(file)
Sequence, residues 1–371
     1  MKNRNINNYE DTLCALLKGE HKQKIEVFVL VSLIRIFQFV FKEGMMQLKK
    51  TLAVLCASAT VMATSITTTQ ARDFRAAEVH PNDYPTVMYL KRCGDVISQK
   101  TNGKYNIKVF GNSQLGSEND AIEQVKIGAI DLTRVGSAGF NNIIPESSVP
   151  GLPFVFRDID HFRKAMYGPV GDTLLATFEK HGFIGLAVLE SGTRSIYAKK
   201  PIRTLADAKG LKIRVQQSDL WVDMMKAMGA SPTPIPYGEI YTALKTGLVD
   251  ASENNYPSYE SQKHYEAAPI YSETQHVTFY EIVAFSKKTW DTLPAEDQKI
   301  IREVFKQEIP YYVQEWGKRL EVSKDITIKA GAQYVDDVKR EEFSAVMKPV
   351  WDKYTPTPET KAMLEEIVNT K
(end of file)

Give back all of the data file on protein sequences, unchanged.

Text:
Sequence, residues 1–371
     1  MKNRNINNYE DTLCALLKGE HKQKIEVFVL VSLIRIFQFV FKEGMMQLKK
    51  TLAVLCASAT VMATSITTTQ ARDFRAAEVH PNDYPTVMYL KRCGDVISQK
   101  TNGKYNIKVF GNSQLGSEND AIEQVKIGAI DLTRVGSAGF NNIIPESSVP
   151  GLPFVFRDID HFRKAMYGPV GDTLLATFEK HGFIGLAVLE SGTRSIYAKK
   201  PIRTLADAKG LKIRVQQSDL WVDMMKAMGA SPTPIPYGEI YTALKTGLVD
   251  ASENNYPSYE SQKHYEAAPI YSETQHVTFY EIVAFSKKTW DTLPAEDQKI
   301  IREVFKQEIP YYVQEWGKRL EVSKDITIKA GAQYVDDVKR EEFSAVMKPV
   351  WDKYTPTPET KAMLEEIVNT K